Media Highlights

RI KIDS COUNT Policy Change

by Elizabeth Burke Bryant   •  

In Rhode Island, elected officials and community leaders use both the national Kids Count Data Book, so they can see how RI compares to the other states and the nation as a whole, and the annual Rhode Island Kids Count Factbook, to see how Rhode Island is doing state-wide and throughout its 39 cities and towns.

This information helps to propel action in areas where Rhode Island doesn’t compare well to the nation or to the other New England states. For example, this year, Massachusetts ranked number one while RI ranked 26th. We have a competitive spirit and want to lead the way in the nation and in New England. The Data Book gives us a road map on how to get there, and shows us how far we need to go.

The data can sometimes ring an alarm bell that results in policy change. When we first published data on the high percentage of children entering kindergarten with a history of lead poisoning, it helped ignite a major community prevention and treatment effort and helped spur a new lead poisoning law. And when we highlighted the issue of out of school suspensions due to absence, school superintendents and school committees began changing their suspension policies which led to a new state law that prohibits the use of out-of-school suspensions for reasons of attendance.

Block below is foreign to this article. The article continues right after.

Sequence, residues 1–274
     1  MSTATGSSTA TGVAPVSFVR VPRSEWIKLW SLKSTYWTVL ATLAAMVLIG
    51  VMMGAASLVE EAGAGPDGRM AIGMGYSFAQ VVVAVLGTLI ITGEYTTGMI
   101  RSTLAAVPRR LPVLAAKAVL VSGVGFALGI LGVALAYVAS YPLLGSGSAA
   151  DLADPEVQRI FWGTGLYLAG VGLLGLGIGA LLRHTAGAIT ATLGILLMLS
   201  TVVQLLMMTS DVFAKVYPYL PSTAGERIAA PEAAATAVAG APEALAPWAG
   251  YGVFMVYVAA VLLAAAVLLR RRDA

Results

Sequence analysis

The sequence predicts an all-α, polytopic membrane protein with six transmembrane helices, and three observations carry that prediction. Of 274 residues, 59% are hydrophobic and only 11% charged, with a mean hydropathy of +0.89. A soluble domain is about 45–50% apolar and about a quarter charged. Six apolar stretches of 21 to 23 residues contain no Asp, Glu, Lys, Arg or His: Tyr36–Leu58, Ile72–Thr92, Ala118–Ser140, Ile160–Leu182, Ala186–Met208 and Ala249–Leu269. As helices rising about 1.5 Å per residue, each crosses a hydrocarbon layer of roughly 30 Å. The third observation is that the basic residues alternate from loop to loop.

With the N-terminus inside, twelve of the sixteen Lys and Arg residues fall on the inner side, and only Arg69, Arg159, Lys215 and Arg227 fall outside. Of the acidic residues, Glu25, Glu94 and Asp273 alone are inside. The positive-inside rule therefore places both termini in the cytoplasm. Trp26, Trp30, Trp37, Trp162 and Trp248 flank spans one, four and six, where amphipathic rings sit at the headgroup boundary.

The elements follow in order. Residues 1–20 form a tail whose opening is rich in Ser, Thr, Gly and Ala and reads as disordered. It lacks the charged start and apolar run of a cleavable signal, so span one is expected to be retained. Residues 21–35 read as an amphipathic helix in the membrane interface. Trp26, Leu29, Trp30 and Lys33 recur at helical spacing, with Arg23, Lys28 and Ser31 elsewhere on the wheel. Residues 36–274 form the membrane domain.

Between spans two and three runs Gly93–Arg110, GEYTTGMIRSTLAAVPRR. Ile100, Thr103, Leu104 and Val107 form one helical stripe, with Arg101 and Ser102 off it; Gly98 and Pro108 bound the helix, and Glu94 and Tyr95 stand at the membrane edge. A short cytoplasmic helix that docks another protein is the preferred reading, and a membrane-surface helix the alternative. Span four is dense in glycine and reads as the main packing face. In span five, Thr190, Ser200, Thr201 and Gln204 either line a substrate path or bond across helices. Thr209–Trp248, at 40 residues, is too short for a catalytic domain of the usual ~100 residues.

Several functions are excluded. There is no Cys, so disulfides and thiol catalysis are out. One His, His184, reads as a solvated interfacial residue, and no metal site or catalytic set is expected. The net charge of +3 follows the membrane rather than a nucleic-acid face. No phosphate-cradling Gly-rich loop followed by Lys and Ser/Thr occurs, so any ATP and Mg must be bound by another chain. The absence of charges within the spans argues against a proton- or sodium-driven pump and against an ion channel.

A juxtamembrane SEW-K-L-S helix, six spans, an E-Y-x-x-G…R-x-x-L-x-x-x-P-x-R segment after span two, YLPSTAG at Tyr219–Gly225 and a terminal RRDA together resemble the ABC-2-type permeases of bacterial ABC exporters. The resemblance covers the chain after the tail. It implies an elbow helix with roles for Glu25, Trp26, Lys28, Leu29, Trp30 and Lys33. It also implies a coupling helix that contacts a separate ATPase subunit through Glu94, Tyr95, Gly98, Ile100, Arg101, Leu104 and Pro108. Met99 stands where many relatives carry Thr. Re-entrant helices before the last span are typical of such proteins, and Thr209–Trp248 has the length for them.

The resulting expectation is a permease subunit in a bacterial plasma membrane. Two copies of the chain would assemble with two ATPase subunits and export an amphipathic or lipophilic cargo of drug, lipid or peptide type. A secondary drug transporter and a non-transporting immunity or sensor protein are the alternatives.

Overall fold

Kids Count data lets us know how we are doing when it comes to the health, education, economic well-being and family circumstances of our children — and how our state compares on these critical measures. But this data does more than simply inform. It provides a much-needed rallying cry and road map for action so that communities can take concrete steps to improve outcomes for children and our society.

Elizabeth Burke Bryant

Executive Director, Rhode Island KIDS COUNT

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